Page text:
We don't normally just re-blog other folks' articles on this blog, but we've found a really great write-up that gets into the nitty-gritty tech side of what LUTs and Looks and Picture Profiles and Log mean - and why, when & how they should be used. Did we mention it's very detailed? It is.

Lots of our footage is offered in Log or Raw options and so this article is a great resource for those needing to know more info on why we do this and why it's a Good Thing to do this.

A few key excerpts:

- LUT stands for Look Up Table, but what is a lookup table? A lookup table should be viewed as a sort of electronic business card and your computer, camera or monitor is the rolodex that stores all those business cards. Just like business cards, LUTs contain information that can be organised or filed in whatever way you like. In the video world when a LUT is applied to an image, the information from that LUT is read and the camera, computer or monitor changes the look of the image based on the information it reads.

- Log recording is very different than RAW but they can be used in a similar way. Log isn’t RAW; it’s video, and is just a clever way of capturing an image that maximizes the tonal range of a sensor. Cameras from Canon, Sony, Panasonic and ARRI cameras offer a Log recording mode. While they are all named differently, V-log, S-Log, C-Log etc, they all have the same purpose. When using one of these forms of Log the image looks very flat and very desaturated.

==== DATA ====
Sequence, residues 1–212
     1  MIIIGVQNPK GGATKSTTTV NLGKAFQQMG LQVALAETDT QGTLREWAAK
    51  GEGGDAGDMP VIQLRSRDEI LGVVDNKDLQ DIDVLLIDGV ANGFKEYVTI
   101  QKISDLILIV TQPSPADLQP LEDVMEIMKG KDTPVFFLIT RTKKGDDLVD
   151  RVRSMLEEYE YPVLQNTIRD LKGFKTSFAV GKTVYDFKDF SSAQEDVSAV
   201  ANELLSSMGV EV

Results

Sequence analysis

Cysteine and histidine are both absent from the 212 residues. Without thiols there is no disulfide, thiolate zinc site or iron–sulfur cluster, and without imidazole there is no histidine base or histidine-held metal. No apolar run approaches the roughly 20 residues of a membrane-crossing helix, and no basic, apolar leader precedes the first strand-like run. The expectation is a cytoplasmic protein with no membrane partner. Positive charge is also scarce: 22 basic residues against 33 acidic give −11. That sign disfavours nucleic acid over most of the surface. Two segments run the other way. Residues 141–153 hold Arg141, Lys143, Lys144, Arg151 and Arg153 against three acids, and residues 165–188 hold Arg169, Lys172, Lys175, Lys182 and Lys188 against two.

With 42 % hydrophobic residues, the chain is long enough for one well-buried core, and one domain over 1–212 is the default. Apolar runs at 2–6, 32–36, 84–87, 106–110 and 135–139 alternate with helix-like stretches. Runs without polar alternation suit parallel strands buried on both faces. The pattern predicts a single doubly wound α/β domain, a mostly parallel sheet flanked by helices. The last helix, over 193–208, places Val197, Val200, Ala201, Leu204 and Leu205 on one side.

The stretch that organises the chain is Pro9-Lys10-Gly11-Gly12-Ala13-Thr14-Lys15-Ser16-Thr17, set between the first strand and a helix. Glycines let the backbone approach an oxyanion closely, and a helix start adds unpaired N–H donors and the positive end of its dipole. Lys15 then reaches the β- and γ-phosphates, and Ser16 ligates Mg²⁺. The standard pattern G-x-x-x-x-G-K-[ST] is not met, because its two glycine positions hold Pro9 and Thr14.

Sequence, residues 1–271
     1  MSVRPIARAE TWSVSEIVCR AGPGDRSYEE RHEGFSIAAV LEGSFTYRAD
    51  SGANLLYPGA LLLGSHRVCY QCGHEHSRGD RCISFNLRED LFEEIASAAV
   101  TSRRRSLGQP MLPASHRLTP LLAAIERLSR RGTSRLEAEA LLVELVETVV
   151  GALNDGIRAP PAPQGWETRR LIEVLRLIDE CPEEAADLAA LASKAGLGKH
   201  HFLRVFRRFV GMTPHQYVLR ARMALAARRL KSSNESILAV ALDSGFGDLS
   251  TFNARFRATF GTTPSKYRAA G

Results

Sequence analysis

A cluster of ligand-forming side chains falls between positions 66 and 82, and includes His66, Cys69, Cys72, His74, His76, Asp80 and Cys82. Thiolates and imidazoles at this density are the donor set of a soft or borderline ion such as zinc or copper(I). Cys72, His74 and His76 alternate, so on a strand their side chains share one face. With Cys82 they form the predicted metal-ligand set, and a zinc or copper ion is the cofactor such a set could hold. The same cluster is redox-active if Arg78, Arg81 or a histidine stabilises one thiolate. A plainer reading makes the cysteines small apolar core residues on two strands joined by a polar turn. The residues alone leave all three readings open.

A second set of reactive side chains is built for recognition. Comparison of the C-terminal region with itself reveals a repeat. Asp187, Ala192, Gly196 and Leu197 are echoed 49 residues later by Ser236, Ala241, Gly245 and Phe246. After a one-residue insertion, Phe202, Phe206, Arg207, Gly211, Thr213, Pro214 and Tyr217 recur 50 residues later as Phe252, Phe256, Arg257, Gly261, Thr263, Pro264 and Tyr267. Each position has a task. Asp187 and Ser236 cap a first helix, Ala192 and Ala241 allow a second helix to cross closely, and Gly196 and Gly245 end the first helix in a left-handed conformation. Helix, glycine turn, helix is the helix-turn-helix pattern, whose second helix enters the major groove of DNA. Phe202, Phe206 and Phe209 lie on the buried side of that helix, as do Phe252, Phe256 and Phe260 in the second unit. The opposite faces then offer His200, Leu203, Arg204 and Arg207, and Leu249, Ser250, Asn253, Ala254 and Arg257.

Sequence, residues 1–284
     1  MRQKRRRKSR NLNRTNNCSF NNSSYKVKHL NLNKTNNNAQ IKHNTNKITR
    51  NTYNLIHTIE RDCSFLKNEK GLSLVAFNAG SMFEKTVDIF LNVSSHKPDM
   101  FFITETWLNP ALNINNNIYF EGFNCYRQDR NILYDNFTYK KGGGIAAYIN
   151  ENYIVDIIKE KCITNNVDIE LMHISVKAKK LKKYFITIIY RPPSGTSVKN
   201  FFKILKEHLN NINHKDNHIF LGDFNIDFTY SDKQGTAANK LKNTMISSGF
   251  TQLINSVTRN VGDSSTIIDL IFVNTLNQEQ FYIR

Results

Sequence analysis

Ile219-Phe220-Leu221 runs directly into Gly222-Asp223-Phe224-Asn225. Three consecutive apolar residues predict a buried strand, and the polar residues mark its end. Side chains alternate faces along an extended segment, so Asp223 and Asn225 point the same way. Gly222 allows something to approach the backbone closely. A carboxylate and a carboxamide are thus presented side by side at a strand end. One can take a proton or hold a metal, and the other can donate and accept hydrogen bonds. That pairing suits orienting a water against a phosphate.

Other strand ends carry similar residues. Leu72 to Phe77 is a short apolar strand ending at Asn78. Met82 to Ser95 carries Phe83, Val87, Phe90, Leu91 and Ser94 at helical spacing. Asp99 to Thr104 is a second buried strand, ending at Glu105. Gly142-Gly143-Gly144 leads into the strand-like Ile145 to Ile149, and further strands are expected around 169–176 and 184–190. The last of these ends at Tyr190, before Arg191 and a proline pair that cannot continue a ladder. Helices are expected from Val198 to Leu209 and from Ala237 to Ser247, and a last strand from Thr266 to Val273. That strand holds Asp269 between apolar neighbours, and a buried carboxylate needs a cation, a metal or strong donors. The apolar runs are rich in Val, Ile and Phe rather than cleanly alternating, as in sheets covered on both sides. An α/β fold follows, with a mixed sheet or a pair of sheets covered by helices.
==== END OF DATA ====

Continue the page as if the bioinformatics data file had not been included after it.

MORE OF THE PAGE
We have also done a few posts on working with Log (or Flat) footage ourselves, but nothing as detailed as this, so again we thought it very appropriate to share it with our readers and hopefully it will help clarify and demystify these important film tech topics.

Oh, and don't miss the good video resources at the bottom of their article including tutorials from Captain Hook LUTs (for Blackmagic Cameras), FilmConvert and Koji Color, etc.

Read the full article from News Shooter here.

And check out our post on the topic here

Do you shoot Log or Flat (or Raw) in your work? If so, what camera(s) and why? Let us know in the comments below.